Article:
JIM LEHRER: In other news today, 400 U.S. Marines, backed up by Afghan soldiers, launched a new offensive in southern Afghanistan. They stormed a Taliban town in Helmand province in a helicopter air drop before dawn.
The U.S. and Afghan troops traded heavy fire with insurgents in an all-day battle. Commanders said the goal was to secure a critical district before next week's presidential election.
CAPT. ZACHARY MARTIN, 2nd Battalion, 3rd Marines: Dahaneh is one of the key towns in the area. All of the smaller towns are economically dependent on Dahaneh. For example, this is where the bazaar is.
So by liberating Dahaneh, we free the local populace from the influence of the Taliban. They're able to go about their daily lives without being faced with intimidation or murder.
JIM LEHRER: By nightfall, Taliban fighters still held the town and the fighting intensified. Marine officers said the combat should last several days.
In the Philippines, government troops attacked militants tied to al-Qaida and killed at least 20 of them. The assaults on a southern island hit jungle camps used by leaders of the group Abu Sayyaf. It was unclear if any of the top militants were killed, but the military said fierce fighting lasted all day.
Heavy rain in southern Taiwan held up the search today for survivors of a powerful typhoon. Hundreds of people may be missing, and hundreds more are still waiting for help, four days after the deadly storm. We have a report narrated by Jane Deith of Independent Television News.
JANE DEITH: Reaching people cut off by Typhoon Morakat is difficult and dangerous. This rescuer will have to be rescued. Off camera, the rope the boat's hanging from snaps. Luckily, driftwood stops him being washed away.
You can see why getting to survivors is taking time. In Shiao Lin, which was flattened by the flood, people are being brought out alive, but it's a slow and risky operation.
This man, winched to safety, said many others were buried under the mud.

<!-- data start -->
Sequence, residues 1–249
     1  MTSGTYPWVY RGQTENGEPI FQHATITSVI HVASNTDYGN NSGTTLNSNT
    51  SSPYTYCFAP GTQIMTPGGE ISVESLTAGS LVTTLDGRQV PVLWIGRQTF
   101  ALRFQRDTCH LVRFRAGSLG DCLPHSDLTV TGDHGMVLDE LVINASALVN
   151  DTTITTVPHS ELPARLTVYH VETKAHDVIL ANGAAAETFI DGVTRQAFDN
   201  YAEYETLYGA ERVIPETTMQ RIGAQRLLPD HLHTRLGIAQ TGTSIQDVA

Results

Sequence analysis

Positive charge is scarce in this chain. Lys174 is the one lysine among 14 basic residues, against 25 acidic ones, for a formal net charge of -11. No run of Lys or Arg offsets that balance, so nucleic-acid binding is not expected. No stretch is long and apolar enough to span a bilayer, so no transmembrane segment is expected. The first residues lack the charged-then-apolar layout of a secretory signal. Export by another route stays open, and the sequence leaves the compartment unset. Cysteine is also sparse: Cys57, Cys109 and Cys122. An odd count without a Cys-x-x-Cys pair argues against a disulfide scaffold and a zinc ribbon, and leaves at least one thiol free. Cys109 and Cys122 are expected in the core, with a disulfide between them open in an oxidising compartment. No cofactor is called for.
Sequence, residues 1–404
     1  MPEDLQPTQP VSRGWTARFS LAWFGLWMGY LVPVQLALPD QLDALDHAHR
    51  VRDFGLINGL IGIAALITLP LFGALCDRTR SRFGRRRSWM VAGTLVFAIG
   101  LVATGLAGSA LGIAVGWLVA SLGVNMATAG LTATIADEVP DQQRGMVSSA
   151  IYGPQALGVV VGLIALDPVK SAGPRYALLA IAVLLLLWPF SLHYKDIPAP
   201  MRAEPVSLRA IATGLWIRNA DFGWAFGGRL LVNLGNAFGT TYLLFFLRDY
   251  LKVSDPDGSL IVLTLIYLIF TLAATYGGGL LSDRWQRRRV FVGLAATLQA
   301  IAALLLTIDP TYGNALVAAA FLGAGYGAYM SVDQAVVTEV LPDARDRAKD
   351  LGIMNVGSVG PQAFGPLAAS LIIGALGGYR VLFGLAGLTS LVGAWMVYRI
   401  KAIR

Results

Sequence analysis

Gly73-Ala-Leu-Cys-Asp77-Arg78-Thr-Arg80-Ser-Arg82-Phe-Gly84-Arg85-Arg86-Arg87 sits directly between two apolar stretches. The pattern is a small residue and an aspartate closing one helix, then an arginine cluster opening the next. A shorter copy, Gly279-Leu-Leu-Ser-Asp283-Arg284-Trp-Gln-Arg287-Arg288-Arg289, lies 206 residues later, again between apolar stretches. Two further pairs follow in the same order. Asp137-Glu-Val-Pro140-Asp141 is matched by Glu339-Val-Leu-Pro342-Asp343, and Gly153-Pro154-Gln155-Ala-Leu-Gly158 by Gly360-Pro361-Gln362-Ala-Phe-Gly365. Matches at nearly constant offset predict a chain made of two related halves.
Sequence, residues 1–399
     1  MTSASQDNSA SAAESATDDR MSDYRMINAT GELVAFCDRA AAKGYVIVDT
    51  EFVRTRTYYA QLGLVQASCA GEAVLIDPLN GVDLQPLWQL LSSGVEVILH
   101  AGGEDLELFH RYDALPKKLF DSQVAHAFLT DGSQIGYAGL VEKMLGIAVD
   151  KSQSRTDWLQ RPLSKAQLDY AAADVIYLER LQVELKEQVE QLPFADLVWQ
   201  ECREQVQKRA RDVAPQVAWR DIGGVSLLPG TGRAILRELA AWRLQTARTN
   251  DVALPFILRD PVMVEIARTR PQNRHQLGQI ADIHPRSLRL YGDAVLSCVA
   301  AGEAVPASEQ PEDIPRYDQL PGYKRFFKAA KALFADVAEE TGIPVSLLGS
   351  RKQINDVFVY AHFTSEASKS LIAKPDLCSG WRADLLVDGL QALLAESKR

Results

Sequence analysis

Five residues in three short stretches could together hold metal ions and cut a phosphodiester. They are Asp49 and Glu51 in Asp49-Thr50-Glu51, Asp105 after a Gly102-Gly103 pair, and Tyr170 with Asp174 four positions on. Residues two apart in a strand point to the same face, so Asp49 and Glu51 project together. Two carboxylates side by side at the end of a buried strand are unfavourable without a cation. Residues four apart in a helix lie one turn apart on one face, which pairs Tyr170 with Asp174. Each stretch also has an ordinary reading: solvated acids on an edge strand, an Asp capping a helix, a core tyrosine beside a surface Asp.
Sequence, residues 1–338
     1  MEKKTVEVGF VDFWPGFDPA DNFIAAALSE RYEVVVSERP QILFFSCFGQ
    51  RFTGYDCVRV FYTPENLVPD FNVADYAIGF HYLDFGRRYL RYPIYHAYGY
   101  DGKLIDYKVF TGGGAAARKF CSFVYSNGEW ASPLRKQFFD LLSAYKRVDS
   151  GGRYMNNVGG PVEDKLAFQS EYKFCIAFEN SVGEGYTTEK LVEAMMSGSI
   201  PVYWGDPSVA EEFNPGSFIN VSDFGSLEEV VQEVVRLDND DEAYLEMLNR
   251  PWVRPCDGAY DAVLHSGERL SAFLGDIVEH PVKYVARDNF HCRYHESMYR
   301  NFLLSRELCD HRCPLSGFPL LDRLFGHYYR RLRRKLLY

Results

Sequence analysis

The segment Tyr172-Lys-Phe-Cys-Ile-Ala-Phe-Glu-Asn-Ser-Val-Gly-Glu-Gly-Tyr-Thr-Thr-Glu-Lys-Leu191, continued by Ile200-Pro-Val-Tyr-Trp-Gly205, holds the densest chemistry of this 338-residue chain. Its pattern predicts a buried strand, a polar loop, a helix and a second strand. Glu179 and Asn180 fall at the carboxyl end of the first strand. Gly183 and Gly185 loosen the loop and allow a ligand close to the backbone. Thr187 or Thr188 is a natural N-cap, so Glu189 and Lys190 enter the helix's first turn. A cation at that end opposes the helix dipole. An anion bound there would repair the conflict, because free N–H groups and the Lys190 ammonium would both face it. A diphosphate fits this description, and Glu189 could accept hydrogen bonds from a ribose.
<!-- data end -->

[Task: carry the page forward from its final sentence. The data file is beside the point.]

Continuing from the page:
FLOOD SURVIVOR (through translator): The flood just came in. Nobody can escape.
JANE DEITH: Taiwan's national fire agency has said 100 people might be dead in Shiao Lin. The mudslide left just two houses standing.
But around 200 people were found alive this morning. Everyone had feared they were dead.
Survivors are being flown to this school, which has been turned into a rescue center. The president came today and said he's doing everything he can, but some people are angry, saying the help has come three days too late.
TAIWANESE WOMAN (through translator): The rescue team should have started on the first day. Now the 72 golden hours have already passed. How could they do this?
JANE DEITH: The president will decide tomorrow whether to increase Taiwan's disaster budget to cope with these floods, the worst in half a century. Local officials say they need water pumps and generators and help clearing the major roads.
In the towns, people have begun to think about trying to stop disease spreading. But in the remote areas, where people scrambled up the hills to escape the mudslides, leaving everything behind, the priority is just to get food to the survivors.
JIM LEHRER: The official death toll in Taiwan stood at 63. The typhoon killed at least eight more people in mainland China.
Secretary of State Clinton spent this day in Nigeria urging political reforms in the oil-rich country. It was the fifth stop on a seven-nation African tour. Clinton called for Nigerian leaders to reduce corruption and promote democratic practices ahead of elections in 2011. In recent months, violence in Nigeria's oil region has repeatedly disrupted output.
The U.S. won a crucial international trade case against China today. It could give American music, books and movies much greater access to Chinese markets. The World Trade Organization found Beijing had illegally barred attempts to market those products directly to Chinese customers. China could still appeal the ruling.
The U.S. federal deficit now tops $1.25 trillion with two months left in the fiscal year; the Treasury Department reported those figures today. The Obama administration expects the deficit to exceed $1.8 trillion when the fiscal year is over. That's more than four times larger than last year's record.